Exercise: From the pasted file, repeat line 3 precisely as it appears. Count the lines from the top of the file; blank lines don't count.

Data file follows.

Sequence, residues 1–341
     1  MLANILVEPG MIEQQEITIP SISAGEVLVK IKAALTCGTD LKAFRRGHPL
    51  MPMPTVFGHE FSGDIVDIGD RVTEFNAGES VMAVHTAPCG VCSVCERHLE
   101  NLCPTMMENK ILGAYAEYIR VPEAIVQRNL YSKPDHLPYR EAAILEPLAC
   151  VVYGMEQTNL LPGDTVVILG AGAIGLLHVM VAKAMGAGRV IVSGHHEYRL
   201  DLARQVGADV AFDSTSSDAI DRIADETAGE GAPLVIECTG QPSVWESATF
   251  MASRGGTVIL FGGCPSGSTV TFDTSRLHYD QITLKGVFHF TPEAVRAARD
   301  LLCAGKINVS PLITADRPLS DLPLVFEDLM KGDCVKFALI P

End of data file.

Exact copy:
    51  MPMPTVFGHE FSGDIVDIGD RVTEFNAGES VMAVHTAPCG VCSVCERHLE